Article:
UAE data center firm Khazna is to adopt biofuel to power its backup generators.
At the GITEX event this week, the company announced it would be conducting a pilot project by the end of 2023.
Hassan Alnaqbi, CEO at Khazna Data Centres, said: "Our role as an industry leader is to look at viable options to make our data centers more sustainable. Today’s announcement is therefore an important step in this direction as we continue our journey on this transformational path by switching to biofuel for our generators.”
He continued: “We expect notable reductions in carbon emissions as a result of this strategy adjustment, which perfectly complements Khazna’s goal of establishing high standards for environmental responsibility within the data center sector without compromising on operational reliance and efficiency.”
The pilot's first stage will involve blending biofuel with traditional diesel fuel and monitoring performance. After that, Khazna intends to implement biofuel across all of its data centers.
While the company didn’t say specifically, Khazna is likely looking to use hydrotreated vegetable oil (HVO). HVO is a low-emission biofuel that promises high performance without the need to replace or customize diesel gen-sets. It is a drop-in fuel that can be blended with fossil fuel diesel as required.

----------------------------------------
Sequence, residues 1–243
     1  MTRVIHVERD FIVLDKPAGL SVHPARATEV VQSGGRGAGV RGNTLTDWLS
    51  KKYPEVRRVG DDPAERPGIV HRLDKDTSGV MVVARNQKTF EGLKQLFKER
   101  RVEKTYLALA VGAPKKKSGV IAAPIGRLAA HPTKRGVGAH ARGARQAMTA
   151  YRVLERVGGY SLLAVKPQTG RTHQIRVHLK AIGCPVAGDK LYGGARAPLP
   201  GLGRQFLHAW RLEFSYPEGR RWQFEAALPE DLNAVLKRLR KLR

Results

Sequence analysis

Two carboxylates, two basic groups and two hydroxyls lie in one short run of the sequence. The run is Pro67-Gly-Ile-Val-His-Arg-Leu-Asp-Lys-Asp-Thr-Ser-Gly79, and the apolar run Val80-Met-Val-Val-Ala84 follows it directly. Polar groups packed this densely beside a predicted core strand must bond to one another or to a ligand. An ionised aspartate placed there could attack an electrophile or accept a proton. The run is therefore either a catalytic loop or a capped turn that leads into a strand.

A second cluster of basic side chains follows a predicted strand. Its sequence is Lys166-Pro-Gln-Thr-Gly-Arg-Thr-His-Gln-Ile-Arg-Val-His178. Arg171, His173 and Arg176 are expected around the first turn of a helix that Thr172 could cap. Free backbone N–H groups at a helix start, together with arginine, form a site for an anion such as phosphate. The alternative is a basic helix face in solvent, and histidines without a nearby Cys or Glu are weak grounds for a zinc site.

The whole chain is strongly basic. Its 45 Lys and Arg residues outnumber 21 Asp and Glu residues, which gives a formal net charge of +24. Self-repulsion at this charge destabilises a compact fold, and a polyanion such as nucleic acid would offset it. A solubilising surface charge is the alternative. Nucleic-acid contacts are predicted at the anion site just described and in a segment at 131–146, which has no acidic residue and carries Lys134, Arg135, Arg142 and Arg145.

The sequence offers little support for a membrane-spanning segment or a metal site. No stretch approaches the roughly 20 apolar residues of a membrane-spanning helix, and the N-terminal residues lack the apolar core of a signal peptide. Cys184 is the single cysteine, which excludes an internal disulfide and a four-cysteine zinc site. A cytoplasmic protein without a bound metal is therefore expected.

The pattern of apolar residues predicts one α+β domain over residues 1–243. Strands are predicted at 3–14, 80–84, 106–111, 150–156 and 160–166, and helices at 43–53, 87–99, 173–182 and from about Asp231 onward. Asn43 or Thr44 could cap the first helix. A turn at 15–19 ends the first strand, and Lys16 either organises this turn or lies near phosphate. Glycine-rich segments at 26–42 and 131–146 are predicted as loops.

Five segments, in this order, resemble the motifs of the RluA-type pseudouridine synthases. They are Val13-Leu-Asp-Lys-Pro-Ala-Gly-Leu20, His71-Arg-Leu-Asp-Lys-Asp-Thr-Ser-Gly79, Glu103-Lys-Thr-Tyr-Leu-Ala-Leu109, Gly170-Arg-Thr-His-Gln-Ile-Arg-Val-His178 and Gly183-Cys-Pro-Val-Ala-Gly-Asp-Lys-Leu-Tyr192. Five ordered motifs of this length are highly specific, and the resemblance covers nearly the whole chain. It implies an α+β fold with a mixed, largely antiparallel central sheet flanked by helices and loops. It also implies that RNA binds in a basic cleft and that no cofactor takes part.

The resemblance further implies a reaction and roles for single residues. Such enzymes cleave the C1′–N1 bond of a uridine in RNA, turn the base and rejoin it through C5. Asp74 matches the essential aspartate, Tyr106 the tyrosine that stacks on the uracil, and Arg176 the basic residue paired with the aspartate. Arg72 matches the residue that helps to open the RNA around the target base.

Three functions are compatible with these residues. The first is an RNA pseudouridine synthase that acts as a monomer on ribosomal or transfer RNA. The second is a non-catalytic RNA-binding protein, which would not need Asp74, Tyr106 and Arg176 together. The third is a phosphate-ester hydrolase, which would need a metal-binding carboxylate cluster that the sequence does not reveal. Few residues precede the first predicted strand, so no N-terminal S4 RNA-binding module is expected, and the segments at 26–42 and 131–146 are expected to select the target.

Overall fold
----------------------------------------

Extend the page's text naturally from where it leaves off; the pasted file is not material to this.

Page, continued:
A growing number of companies are looking to diesel alternatives as a way to reduce their carbon footprint and green their backup operations.
Amazon has adopted the fuel in Ireland and Sweden. UK operators Kao, DataVita, and Datum, the US' Compass, as well as Belgium's LCL, and Latvia’s DEAC, are adopting HVO as fuel for their backup generators.
Digital Realty's French unit has also adopted HVO for its new PAR8 site in Paris as well as in Madrid, Spain, and plans to expand its use across the continent in the near future. Pure and Vantage are also HVO users, while Equinix has said it is doing a trial with the fuel.
Kohler has swapped diesel for HVO at its Brest generator manufacturing plant in France, totaling some 325,000 liters.
Made from made from vegetable oils or waste, most HVO production is centered in Europe or the US. Khazna is seemingly the first operator in the Middle East to announce the adoption of HVO.
Khazna currently operates nine data center sites across the UEA, with six more under development. The number of facilities under the company significantly increased after the merger with G42 and Etisalat Group, first announced in October 2021. The merger between the three made Khazna the UAE’s largest data center provider. The company is also developing a facility in Cairo, Egypt.